There was also a lot of conflict between Charlatanry and Catholicism. In both time periods there was an Intense debate and conflict about what It meant to be religious, or more specifically, Christian. Mainstream Charlatanry teaches that God exists In three forms: the Father, who created the world; the Son, Jesus, who redeemed humankind: and the Holy spirit, the continuing supernatural power In the life of the Church. This belief has inevitably given rise to numerous questions and differences of interpretation that have divided Christians across the centuries.
It’s these questions that split the western Christianity world during the Reformation. The nominate expression of western Christianity emphasized the importance of tradition, and the authority of the church as the interpreter of Christian teaching. The observation of particular rituals and the reception of sacraments administered by the church were perceived as vital for personal salvation. When Roger Martyr talks about what it meant to be religious in his childhood years, it’s easy to identify that there was a lot of respect for material objects.
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It helped people visualize and understand Christian teaching, and which were hallowed by long association and presence in the church. Participation in rituals were also a common thing in the years of Roger Martyr’s childhood, so was processions and music highlighting the perceived presence of God in the consecrated bread and wine. There is much emphasis in the richness of the liturgical calendar that marked out the cycle of the year, and the centrality to worship of the Mass and the consecrated bread believed to become the actual body of Christ.
In contrast to this, Protestantism stressed that salvation depended on personal faith rather than participation in the rituals of the church, that believers could draw erect spiritual inspiration from God rather than being dependent on the hierarchy of priests and bishops, and that ultimate authority lay In the original text of the Bible rather than in the church traditions. It also meant that churches had to be much plainer, the colorful rituals and Images that Martyr loved were seen as distractions from essential spiritual realities and had to be suppressed.
However, these changes took place over a number of years during Roger Martyr’s childhood. It first started when King Henry VIII conflict with the Papacy. After the came Protestant. Although Protestantism didn’t last long; after the death of Henry Vic’s son, Edward VI, Mary I came to the throne and she sough to impose Catholicism. She faced opposition from the minority if convicted Protestants. But once again, after the death of Mary l, her sister Elizabeth l, took the throne.
Queen Elizabeth I was a convicted Protestant, so one again, Protestantism was introduced. Elizabeth I was a shrewd politician who wanted religion as far as possible to unite rather than divide her subjects. The Church of England’s position was defined in Leary Protestant terms in the Act of Uniformity of 1 559, which enforced the use of the Protestant forms of worship, and the Thirty-Nine Articles of 1 563, which specified the doctrine of the church, but it retained some of the traditional features.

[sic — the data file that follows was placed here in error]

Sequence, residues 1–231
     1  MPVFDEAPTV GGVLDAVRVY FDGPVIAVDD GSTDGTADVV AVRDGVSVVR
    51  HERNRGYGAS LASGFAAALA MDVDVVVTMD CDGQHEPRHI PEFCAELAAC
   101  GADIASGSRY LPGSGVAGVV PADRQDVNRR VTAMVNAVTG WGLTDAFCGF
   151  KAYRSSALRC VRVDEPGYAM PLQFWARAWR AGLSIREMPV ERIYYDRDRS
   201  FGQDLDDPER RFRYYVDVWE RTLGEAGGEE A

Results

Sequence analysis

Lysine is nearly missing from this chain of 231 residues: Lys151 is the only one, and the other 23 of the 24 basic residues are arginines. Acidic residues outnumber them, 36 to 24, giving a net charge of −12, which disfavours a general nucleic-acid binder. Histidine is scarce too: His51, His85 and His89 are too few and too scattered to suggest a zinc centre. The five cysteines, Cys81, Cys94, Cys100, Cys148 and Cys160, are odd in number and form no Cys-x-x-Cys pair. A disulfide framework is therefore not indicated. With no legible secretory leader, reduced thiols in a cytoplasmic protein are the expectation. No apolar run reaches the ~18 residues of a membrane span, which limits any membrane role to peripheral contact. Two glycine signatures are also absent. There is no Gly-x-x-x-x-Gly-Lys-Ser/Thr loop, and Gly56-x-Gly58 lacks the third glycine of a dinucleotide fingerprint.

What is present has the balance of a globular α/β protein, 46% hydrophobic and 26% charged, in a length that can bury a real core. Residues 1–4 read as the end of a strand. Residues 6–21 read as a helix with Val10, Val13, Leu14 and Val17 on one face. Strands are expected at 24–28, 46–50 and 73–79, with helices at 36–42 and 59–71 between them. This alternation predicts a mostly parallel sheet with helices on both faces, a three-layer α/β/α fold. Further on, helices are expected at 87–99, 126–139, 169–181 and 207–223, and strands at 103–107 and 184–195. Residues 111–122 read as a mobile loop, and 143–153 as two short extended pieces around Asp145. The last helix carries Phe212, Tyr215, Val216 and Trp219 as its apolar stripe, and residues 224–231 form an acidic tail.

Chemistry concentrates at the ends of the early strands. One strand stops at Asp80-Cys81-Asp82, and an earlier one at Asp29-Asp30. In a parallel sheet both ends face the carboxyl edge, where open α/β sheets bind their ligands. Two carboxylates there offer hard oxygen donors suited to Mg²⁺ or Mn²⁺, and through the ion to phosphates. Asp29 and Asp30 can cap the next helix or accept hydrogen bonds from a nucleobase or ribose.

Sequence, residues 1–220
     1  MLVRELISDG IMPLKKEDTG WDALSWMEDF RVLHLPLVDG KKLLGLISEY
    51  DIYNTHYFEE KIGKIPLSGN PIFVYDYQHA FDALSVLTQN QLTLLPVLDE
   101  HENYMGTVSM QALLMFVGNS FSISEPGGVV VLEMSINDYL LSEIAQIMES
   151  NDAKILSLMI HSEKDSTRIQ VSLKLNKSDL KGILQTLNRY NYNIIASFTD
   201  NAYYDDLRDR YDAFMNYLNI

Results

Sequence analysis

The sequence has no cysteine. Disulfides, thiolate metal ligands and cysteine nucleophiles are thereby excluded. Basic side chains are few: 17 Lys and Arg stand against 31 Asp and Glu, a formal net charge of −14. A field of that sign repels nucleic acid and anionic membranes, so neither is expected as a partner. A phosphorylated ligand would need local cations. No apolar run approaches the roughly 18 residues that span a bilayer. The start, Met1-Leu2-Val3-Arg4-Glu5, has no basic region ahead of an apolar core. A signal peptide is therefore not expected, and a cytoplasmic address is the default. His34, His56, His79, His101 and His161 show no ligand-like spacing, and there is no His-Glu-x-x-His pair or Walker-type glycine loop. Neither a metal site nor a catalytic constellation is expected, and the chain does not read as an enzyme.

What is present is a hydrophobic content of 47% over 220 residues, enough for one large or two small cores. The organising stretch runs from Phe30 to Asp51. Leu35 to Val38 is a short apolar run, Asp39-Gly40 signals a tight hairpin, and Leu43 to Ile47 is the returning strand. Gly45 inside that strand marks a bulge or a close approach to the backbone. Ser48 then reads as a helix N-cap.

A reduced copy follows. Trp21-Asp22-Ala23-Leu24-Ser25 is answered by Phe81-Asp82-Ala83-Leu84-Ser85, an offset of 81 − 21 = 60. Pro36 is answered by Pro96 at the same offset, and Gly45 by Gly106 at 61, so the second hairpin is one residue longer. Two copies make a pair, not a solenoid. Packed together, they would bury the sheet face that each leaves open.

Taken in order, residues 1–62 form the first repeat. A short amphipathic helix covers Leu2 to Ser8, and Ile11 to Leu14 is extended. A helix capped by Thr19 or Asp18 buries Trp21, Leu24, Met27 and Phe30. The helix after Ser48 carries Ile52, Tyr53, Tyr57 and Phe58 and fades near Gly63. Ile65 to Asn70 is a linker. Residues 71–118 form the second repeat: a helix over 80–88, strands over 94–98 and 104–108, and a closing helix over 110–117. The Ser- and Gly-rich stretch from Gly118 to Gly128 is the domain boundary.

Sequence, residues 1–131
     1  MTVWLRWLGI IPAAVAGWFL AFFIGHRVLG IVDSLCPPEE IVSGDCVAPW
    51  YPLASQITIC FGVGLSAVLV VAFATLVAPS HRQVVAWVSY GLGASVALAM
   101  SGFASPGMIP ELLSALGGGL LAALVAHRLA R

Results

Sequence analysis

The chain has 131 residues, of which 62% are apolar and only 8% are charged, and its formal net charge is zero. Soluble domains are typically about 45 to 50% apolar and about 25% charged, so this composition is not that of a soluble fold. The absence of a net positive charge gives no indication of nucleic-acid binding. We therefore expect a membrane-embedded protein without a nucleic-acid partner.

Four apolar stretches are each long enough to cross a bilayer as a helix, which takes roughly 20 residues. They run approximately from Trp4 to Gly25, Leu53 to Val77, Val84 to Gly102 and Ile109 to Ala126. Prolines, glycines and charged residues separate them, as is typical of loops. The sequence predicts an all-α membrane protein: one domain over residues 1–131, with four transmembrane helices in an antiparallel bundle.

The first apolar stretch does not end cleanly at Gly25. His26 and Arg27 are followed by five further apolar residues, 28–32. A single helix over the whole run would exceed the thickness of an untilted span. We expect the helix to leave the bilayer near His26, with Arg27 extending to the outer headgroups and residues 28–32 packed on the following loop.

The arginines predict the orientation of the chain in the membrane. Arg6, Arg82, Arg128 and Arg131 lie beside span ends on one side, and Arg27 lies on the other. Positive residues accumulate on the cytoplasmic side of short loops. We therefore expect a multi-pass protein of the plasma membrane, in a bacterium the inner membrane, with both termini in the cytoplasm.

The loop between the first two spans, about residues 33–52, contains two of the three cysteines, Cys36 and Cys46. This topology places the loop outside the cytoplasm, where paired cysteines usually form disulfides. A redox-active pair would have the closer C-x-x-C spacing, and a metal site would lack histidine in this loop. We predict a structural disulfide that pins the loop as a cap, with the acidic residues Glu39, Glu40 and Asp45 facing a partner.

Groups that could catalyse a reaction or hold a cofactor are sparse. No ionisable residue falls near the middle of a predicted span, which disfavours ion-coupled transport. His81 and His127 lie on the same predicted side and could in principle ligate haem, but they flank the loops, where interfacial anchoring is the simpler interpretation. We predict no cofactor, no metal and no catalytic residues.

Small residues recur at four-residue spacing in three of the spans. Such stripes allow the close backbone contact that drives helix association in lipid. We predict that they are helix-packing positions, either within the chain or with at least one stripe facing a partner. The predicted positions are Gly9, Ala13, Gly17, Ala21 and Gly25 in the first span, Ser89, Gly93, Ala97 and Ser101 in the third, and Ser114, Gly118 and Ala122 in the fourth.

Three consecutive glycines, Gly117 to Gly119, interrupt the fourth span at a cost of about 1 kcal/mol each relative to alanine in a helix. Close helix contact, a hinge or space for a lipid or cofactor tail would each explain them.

These traditional features included the hierarchy of bishops. Once the church became Protestant, the experience for church-goers changed and so did the appearance of churches. Images, especially roods, were removed and destroyed and all the books and all the physical paraphernalia of Catholic worship were to be removed and replaced with a board displaying the Ten Commandments. The clergy were no longer meant to wear colorful vestments; they now had to wear ‘a decent large surplice with sleeves’.
As for the interior of the churches, they became much plainer and visual representations of Christian teaching gave way to written ones. Instead of the rituals that Roger Martyr knew as a child, in the reign of Elizabeth l, it was emphasized to preach rather than take part in rituals. After this implementation, pulpits became a prominent feature in churches. Christian teaching was now to be communicated through the study of the biblical text, by participation n the prescribed language of the liturgy of the Book of Common Prayer and preaching.
In conclusion, in the years of Roger Martyr religion had a lot of authority. People had to rely on the church for worship and had to take part in rituals. However in the reign of Elizabeth l, worship became a personal thing and even though people still had to go to church, they didn’t have to solely reply on the church. The church no longer had the same authority it used to have but the hierarchy of bishops were still around. Rituals were also taken away and people worshipped using biblical text.